The Norwegian government is considering a lifetime tobacco ban inspired by a policy recently implemented in New Zealand. A ban on flavoured tobacco is also on the table, much to the dismay of public health experts.
“If flavoured snus is banned, we risk seeing a rise in smoking prevalence again. And we don’t want that,” Karl Erik Lund of the Norwegian Institute of Public Health told the Verdens Gang (VG) newspaper.
Lund voiced his concern following statements from Centre Party health policy spokesperson Hans Inge Myrvold indicating a ban on flavoured snus was one of several tobacco control measures currently under consideration by the government.
According to Myrvold, the government plans on “tightening” Norway’s tobacco policy and is also considering a lifetime ban on cigarettes for people born after a certain year.
New Zealand implemented a similar policy in 2022 that prevents anyone born after 2008 from legally purchasing cigarettes. The Norwegian Cancer Society (Kreftforeningen) has previously come out in support of banning the sale of tobacco products to anyone born after 2010.
Snus flavour ban ‘on the table’
Speaking with VG, Myrvold said the New Zealand policy had provided an “important contribution” to discussions in the Norwegian parliament about the future of the country’s tobacco control policies.
He also confirmed that a ban on flavoured snus was “on the table” with Norwegian lawmakers reviewing how other countries had handled the issue.
But Norwegian Institute of Public Health researcher Lund believes a ban on flavoured snus would likely raise rather than lower the country’s smoking rates.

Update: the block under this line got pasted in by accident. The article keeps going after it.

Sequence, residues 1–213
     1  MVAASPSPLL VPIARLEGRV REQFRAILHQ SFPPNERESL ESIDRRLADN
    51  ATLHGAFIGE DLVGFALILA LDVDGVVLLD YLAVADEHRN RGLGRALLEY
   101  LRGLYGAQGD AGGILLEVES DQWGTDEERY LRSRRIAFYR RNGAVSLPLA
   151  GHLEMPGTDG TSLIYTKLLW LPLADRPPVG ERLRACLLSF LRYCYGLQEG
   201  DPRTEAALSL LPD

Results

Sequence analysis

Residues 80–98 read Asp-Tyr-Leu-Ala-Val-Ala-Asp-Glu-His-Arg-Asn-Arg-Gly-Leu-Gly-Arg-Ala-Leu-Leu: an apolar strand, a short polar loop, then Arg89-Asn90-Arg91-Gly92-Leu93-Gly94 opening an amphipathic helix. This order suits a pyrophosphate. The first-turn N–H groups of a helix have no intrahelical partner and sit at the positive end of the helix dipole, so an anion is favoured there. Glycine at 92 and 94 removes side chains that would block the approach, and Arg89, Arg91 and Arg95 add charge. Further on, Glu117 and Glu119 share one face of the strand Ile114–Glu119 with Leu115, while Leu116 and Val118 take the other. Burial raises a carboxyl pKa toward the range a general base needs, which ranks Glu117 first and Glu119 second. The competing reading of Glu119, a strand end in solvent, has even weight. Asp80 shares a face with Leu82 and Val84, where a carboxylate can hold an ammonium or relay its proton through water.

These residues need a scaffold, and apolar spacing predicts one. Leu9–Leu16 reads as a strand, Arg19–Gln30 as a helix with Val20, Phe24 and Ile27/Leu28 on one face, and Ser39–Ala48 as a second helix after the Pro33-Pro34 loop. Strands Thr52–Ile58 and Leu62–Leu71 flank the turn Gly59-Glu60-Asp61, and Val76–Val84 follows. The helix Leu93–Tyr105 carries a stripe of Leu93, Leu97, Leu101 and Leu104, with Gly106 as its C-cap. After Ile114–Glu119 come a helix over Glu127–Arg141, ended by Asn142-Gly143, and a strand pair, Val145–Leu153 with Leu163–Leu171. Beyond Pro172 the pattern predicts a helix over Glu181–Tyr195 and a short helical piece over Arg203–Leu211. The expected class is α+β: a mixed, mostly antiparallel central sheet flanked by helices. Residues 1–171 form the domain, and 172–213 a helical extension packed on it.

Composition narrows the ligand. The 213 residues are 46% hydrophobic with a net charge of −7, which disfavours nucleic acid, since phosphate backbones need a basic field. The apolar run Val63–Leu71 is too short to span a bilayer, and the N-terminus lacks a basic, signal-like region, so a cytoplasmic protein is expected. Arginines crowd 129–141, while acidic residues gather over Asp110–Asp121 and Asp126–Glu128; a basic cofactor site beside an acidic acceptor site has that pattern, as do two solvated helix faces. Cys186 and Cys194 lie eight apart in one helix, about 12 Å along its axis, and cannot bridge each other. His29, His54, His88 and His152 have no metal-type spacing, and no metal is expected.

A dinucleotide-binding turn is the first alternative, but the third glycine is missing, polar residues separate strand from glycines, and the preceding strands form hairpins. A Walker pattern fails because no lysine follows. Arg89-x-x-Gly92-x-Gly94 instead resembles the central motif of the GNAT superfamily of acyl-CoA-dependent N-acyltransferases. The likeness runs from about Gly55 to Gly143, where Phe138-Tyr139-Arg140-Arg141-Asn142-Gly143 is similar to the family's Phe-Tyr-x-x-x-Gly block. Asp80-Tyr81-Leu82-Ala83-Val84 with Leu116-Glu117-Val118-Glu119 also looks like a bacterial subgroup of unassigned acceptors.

“Flavours are an important ingredient for enticing smokers to switch from something that’s deadly – smoking – to something that isn’t harmless, but is far less dangerous – snus,” he told VG.
Snus diverts young people from smoking
He pointed to California in the United States, where a ban on flavoured vaping products in San Francisco resulted in a rise in smoking among young people.
Snus not only makes it easier for current adult smokers to switch, Lund explained, but also helps to divert young people who might have otherwise started smoking.
He also expressed his concerns about the prospect of a lifetime ban on all tobacco products, pointing out that New Zealand’s ban only covers cigarettes.
“It’s about how far the state should go to protect us from our own stupidity,” he told VG, adding that he expects the new public health report to recommend widening Norway’s smoking ban.
Snus use up following smoking ban
Smoking in indoor restaurants has been banned in Norway since 2004. In the years immediately following the ban, snus was more widely introduced and the country saw a steady drop in daily smoking rates. Rates continued to drop as smokers switched to snus as a legally compliant and safer alternative for Norwegians looking to quit cigarettes.
Between 2005 and 2018, snus use in Norway increased from 5 percent to 12 percent, during which time smoking rates dropped by half – from 25 percent to 12 percent. As of 2022, Norway’s daily smoking rate had dropped to 7 percent while the percentage of daily snusers had risen to 15 percent.
Lund said he expected any expanded smoking ban presented in the forthcoming public health report would likely cover nightclubs and perhaps also public beaches.
The new public health report is set to be released on March 31 by Norwegian health minister Ingvild Kjerkol.